Human Bean
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Old 09-15-2016, 10:57 AM   #5
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Hailey , Idaho
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Get both...but if for some reason you only buy one get the WD hitch..definitely. jon
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Old 09-15-2016, 11:03 AM   #6
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Hailey , Idaho
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...but suggest that the WD hitch "would not inhibit the towing situation." I love that line. When you read this forum it becomes clear that there are two lines of thought: Dem that try to squeeze in weights right up to the limit, and dem that are more prudent. A WD hitch, as your salesman so elegantly put it, cannot hurt and will always help make your ride go smoother...and make your travels safer. The anti-sway bar for your (as well as my) size AS is only icing on the cake. jon
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Old 09-15-2016, 11:06 AM   #7
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I think I would get the sway control only because it is a single axle trailer.
I don't think you need weight distribution at all, but you can't really know until you set the trailer on the ball.
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Old 09-15-2016, 11:06 AM   #8
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Madison , Wisconsin
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I've a new 19' and tow with a Blue ox WD hitch. Tows wonderfully! Used a Reese on my 16' sport and never a issue. I beleive WD payssoff in comfort, handling and wear and tear not to mention peace of mind. Just takes on emergency lane change and you're a believer !
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Old 09-15-2016, 11:41 AM   #9
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We just towed a 19 ft vintage single axel 1500 miles home on the ball only.

We usually have Reese Weight Distribution and Sway Control on our other trailers.

We are definitely putting them on this new trailer. It wasn't a experiment just a means of getting home. If was not bad but you could certainly tell we were without some of our regular safety equipment.

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Old 09-15-2016, 11:43 AM   #10
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Aurora , Colorado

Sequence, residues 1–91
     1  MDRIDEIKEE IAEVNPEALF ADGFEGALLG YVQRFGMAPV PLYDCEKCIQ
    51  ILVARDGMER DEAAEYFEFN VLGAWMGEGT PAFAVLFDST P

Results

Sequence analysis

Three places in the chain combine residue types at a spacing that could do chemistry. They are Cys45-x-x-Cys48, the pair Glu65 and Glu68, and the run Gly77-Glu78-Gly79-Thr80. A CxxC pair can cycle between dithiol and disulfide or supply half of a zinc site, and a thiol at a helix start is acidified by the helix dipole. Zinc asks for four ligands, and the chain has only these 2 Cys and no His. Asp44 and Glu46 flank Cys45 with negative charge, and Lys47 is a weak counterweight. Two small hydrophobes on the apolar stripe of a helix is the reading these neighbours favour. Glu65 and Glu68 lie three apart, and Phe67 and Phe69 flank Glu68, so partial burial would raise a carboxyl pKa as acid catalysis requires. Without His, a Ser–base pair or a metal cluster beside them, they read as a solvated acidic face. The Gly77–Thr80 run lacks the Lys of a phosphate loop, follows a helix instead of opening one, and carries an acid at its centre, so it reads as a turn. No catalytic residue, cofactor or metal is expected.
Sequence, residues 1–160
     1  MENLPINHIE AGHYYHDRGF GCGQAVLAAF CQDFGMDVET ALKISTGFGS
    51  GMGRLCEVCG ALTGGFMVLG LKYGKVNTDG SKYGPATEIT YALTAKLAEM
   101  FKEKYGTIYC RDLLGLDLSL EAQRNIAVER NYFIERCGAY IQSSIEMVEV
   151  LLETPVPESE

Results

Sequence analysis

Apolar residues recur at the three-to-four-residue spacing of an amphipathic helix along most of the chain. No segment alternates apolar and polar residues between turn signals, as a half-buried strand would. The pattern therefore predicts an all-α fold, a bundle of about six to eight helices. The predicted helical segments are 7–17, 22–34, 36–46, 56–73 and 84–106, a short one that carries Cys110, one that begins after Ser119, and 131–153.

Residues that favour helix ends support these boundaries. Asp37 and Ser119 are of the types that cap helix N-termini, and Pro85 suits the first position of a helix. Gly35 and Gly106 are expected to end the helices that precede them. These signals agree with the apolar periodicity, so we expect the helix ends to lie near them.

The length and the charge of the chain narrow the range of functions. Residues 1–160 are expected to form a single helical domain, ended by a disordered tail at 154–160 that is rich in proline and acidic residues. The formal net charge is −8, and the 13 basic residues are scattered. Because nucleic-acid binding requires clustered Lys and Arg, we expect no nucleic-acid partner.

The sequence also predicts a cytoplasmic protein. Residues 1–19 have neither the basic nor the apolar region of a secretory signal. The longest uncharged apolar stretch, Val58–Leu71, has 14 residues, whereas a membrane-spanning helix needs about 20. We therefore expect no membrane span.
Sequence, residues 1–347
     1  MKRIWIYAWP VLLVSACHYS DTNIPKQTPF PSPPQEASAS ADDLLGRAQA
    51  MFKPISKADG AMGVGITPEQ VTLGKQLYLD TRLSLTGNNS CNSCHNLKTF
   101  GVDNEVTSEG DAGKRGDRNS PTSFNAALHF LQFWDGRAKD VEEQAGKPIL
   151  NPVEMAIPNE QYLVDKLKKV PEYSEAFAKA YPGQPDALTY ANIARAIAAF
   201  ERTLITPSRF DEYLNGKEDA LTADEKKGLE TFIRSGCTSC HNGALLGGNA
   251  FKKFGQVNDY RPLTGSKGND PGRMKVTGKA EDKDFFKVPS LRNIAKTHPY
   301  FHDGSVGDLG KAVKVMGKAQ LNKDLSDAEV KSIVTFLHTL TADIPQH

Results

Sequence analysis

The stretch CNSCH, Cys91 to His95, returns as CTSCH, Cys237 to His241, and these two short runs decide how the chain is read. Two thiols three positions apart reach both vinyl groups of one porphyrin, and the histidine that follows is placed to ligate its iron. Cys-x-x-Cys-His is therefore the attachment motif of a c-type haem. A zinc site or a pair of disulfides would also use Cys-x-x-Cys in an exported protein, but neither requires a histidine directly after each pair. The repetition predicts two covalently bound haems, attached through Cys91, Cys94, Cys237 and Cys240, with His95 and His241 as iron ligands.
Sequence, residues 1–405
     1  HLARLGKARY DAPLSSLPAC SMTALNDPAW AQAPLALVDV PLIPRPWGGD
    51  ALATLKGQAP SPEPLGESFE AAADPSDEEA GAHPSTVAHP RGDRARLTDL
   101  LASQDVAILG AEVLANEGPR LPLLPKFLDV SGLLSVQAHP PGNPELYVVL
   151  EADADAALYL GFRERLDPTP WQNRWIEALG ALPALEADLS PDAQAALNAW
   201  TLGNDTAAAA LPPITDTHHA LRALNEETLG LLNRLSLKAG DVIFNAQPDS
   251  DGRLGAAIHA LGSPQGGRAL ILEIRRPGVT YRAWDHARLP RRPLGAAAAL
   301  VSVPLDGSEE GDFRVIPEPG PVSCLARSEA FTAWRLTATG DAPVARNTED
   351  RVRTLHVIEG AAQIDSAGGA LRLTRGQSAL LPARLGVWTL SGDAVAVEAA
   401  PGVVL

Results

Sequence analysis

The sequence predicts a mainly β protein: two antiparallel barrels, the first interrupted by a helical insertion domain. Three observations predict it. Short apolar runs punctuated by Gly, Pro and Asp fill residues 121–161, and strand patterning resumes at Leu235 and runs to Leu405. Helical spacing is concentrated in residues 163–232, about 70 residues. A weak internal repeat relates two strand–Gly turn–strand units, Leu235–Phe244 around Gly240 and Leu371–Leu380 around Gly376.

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For the extra $50 that the anti-sway brake costs, it's an insignificant cost for the one time you may need it.
Mick & Cyn
'67 Tradewind International
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Old 09-15-2016, 11:45 AM   #11
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2008 20' Safari SE
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I thought weight-distributing hitches were part of a "tow package" on a pickup truck. My 2001 GMC HD ton has one. We tow a 20' Safari SE with it. That much truck is rather a bit overkill, but it was purchased primarily to tow a horse trailer. (No sway control but no sway.)
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Old 09-15-2016, 12:09 PM   #12
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We towed our 19' Bambi with a 2007 Toyota Tacoma from the beginning, and have JUST replaced it with a new 2016 Tacoma. We use an Equal-I-Zer Hitch sway control/weight distribution hitch. It's a great all-in-one hitch set up for this size of trailer (and larger). It's very easy to use and keeps us safe on the road. Your Tundra will be plenty of truck for the Bambi and you could probably get by without sway control, but why take that chance? I'd get it. We have never regretted having this set-up...
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Old 09-15-2016, 12:18 PM   #13
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Been towing an 18' trailer with a f150 (little bigger truck) a lot since May. About 500lb tongue weight.I Wouldn't be comfortable without my blue Ox sway pro. I slacked the bars once to see how it handled without it, lots of porpoising and a bit squirrelly. Trailer movement was much more noticeable. With the hitch set, tows much more smoothly and better control of tv and trailer.
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Old 09-15-2016, 12:22 PM   #14
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Pearland , Texas
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Bare minimum, please use some sway control, you never know when you will need it. WD hitch is your choice for the trailer and tow vehicle you are talking about. You can get a receiver hitch with ball and ball for sway control, I would always use it, no matter what someone else says, IMO.
Be safe at all costs.